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While some planned features are being delayed, augmented reality is one area that is expected to see a boost with the next version of iOS (Photo: Apple)

Apple has shaken up its iOS software plans for 2018, delaying some features to next year in an effort to put more focus on addressing performance and quality issues, Axios has learned.

Why it matters: Apple has been criticized of late, both for security issues and for a number of quality issues, as well as for how it handles battery issues on older devices.

Software head Craig Federighi announced the revised plan to employees at a meeting earlier this month, shortly before he and some top lieutenants headed to a company offsite.

On the cutting board: Pushed into 2019 are a number of features including a refresh of the home screen and in-car user interfaces, improvements to core apps like mail and updates to the picture-taking, photo editing and sharing experiences.

What made it: There will be some new features, of course, including improvements in augmented reality, digital health and parental controls. In addition, Apple is prioritizing work to make iPhones more responsive and less prone to cause customer support issues.

But, but but: While a renewed focus on quality and performance might ease some outside criticism, some inside the team question whether the approach will actual lead to higher quality. Plus, customers tend to pay for features more than security and reliability, which are tough to assess at the time of purchase.

Timing: Apple typically releases its major updates to iOS once a year, in the fall. in conjunction with a new crop of iPhones. There's no reason to believe this year will be different in that regard.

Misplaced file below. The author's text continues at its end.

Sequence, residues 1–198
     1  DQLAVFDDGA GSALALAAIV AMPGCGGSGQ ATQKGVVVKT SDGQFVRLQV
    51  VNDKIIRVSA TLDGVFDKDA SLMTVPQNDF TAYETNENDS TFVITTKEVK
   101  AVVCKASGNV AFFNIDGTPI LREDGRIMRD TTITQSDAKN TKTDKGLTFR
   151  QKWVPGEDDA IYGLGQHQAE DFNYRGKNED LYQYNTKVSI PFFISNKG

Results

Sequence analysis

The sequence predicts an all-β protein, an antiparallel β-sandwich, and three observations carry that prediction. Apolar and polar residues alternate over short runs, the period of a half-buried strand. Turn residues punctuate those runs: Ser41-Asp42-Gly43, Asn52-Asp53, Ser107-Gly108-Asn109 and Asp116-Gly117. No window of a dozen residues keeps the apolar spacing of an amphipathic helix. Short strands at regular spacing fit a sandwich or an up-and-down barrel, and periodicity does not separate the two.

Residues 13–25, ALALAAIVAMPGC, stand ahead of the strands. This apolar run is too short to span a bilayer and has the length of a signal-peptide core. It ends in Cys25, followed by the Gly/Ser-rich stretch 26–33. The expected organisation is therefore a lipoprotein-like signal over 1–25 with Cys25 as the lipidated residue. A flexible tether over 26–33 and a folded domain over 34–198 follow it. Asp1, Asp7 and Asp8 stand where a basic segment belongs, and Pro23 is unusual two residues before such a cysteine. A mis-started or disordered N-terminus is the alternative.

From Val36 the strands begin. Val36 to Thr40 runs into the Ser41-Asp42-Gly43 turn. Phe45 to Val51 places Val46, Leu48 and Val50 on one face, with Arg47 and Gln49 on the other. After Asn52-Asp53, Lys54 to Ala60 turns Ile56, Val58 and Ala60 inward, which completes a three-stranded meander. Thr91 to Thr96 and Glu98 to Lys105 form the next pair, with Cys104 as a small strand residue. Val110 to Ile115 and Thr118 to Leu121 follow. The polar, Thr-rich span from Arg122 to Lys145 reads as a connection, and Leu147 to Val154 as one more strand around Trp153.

Apple declined to comment.

Go deeper

1 hour ago - World

Tunisian president ousts prime minister, suspends parliament amid unrest

Tunisians stage a protest in response to the problems in the health sector in the country, demanding the resignation of the government and the dissolution of the parliament in Tunis on July 25. Photo: Yassine Gaidi/Anadolu Agency via Getty Images

Tunisian President Kais Saied announced Sunday that he had dismissed the country's prime minister and frozen the parliament amidst mass protests in the country, Reuters reports.

Why it matters: The move, which comes on the 64th anniversary of Tunisia's independence, escalates Saied's longstanding feud with Prime Minister Hichem Mechichi and poses a challenge to the 2014 constitution that "split powers between president, prime minister and parliament," per Reuters.

Updated 5 hours ago - Politics & Policy

Pelosi appoints GOP Rep. Kinzinger to Jan. 6 committee

House Speaker Nancy Pelosi (D-Calif.) announced Sunday that she has appointed Rep. Adam Kinzinger (R-Ill.) to serve on the House select committee investigating the Jan 6. Capitol riot.

Why it matters: Pelosi's announcement comes after she rejected two of the five Republican appointments offered by House Minority Leader Kevin McCarthy (R-Calif.).

USCP chief: Officers testifying before Jan. 6 committee "need to be heard"

Thomas Manger, the new chief of the U.S. Capitol Police, Photo: Tom Williams/CQ-Roll Call, Inc via Getty Images

New Capitol Police chief Tom Manger said officers testifying before the Jan. 6 select committee this week "need to be heard."

Driving the news: The select committee's first hearing is set to take place on Tuesday and will feature testimony from law enforcement officers who were subject to some of the worst of violence during the insurrection.